The National Labor Relations Act makes it unlawful for an employer, in a union or non-union shop, to interfere with, restrain, or coerce employees exercising their right to engage in concerted activities for the purpose of collective bargaining or other mutual aid or protection. One such protected activity is discussing terms and conditions of employment. In Cintas Corp. v. NLRB, the United States Court of Appeals for the D.C. Circuit upheld a ruling by the National Labor Relations Board that Cintas’s corporate confidentiality policy violated the Act because employees could construe the policy to prohibit discussions of wages or other terms and conditions of employment.
Cintas’s policy, contained in its employee handbook, stated: "We honor confidentiality. We recognize and protect the confidentiality of any information concerning the company, its business plans, its partners, new business efforts, customers, accounting and financial matters." Cintas used to the term "partners" synonymously with "employees." The quoted language is typical of corporate confidentiality policies. Furthermore, while the policy stated that a violation of the policy could result in discipline, Cintas had never disciplined any employees for discussing wages or other terms and conditions of employment.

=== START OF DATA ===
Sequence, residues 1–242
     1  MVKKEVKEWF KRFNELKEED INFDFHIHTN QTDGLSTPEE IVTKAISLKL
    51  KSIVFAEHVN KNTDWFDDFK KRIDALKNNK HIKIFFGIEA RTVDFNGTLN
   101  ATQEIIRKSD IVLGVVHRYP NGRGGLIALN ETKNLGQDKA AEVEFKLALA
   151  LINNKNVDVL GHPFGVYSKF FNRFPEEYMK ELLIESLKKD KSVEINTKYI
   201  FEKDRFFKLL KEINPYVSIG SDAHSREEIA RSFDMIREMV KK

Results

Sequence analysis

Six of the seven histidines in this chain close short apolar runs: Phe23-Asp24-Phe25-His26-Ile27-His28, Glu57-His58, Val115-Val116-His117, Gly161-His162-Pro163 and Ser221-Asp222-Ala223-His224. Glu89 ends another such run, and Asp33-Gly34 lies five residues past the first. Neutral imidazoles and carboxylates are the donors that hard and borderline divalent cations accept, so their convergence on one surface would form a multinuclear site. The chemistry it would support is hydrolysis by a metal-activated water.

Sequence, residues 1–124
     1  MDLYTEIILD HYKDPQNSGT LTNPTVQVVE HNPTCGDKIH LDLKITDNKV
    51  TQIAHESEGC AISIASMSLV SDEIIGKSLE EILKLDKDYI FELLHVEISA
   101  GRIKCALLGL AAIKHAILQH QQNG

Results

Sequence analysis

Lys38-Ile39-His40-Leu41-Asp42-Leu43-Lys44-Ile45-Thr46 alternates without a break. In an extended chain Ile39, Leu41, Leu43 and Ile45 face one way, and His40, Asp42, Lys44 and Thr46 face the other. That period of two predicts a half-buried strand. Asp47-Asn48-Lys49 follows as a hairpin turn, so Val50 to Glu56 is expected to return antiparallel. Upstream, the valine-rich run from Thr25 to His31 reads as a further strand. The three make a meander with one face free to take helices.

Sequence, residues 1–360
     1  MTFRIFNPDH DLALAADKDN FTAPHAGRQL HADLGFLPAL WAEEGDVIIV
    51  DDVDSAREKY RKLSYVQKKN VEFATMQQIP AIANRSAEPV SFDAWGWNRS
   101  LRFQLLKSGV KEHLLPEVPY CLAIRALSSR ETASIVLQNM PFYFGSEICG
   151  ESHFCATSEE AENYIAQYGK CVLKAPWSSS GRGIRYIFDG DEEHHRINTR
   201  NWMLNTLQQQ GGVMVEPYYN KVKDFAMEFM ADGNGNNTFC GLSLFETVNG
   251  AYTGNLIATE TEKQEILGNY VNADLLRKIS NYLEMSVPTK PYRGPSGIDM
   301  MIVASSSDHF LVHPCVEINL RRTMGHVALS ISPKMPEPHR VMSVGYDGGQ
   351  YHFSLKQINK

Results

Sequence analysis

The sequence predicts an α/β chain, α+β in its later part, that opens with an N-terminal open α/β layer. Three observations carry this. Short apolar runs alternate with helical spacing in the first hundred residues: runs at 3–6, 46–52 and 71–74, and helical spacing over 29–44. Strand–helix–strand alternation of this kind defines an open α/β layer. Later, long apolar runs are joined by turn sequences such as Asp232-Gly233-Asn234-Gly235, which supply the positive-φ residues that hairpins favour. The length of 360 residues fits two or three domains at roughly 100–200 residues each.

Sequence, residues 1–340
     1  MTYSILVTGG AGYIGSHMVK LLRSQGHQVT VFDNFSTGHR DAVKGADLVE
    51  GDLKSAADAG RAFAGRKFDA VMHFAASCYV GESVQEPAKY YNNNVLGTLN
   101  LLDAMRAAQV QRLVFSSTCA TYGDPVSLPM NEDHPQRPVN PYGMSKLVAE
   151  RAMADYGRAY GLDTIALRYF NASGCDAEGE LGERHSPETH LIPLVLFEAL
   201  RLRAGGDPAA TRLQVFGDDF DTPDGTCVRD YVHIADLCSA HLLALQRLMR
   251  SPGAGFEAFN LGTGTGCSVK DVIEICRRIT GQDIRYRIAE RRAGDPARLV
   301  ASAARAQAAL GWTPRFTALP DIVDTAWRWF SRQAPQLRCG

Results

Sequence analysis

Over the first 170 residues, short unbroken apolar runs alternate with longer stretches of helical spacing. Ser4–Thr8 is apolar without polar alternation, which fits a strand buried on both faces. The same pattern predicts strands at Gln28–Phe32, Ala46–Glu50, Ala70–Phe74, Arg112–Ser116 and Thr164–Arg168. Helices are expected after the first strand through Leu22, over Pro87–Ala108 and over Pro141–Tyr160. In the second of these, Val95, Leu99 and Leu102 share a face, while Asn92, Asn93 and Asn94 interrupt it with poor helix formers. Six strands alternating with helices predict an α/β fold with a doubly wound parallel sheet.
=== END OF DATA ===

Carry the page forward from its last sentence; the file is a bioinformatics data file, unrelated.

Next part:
The Court determined nevertheless that the mere maintenance of such a policy violated the Act. It reasoned that because employees could reasonably believe that the policy forbids any discussion of terms and conditions of employment, a reasonable interpretation of the policy could have a chilling effect on employees.
Thus, to be lawful under the NLRA corporate confidentiality policies must be sufficiently limited by specific context or language so as to be clear to employees that the rules do not restrict their rights to discuss the terms and conditions of employment. The Court provided as an example of a lawful policy one that is limited only to disclosure of proprietary information or trade secrets.